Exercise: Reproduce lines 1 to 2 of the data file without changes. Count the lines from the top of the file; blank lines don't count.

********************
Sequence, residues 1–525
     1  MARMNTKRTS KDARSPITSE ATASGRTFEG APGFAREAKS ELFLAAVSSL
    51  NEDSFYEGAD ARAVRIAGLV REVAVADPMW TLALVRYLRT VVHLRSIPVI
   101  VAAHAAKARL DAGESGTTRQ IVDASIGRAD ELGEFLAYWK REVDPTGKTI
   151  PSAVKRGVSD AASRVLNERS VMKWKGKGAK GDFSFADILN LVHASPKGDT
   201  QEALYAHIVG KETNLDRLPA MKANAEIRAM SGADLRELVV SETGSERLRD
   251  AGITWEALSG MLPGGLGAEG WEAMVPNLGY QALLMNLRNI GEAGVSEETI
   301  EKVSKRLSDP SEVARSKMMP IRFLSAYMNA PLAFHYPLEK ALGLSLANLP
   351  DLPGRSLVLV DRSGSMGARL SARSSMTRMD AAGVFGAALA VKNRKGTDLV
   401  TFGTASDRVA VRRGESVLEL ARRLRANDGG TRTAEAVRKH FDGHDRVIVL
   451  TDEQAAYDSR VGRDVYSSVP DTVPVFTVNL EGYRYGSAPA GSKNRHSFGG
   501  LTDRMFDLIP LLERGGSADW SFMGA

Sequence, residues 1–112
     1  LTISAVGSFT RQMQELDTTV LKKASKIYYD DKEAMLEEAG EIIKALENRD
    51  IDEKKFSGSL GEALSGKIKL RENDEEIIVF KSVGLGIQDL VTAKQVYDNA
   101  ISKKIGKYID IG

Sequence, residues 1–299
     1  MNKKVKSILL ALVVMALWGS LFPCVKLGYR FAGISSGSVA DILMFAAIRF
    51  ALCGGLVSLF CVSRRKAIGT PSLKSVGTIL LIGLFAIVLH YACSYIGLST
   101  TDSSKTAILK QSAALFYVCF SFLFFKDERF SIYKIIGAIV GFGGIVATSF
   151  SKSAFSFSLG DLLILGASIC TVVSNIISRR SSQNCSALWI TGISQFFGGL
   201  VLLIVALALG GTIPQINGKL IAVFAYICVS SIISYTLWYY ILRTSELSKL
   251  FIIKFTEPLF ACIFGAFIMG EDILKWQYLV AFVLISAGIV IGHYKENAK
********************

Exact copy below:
Sequence, residues 1–525
     1  MARMNTKRTS KDARSPITSE ATASGRTFEG APGFAREAKS ELFLAAVSSL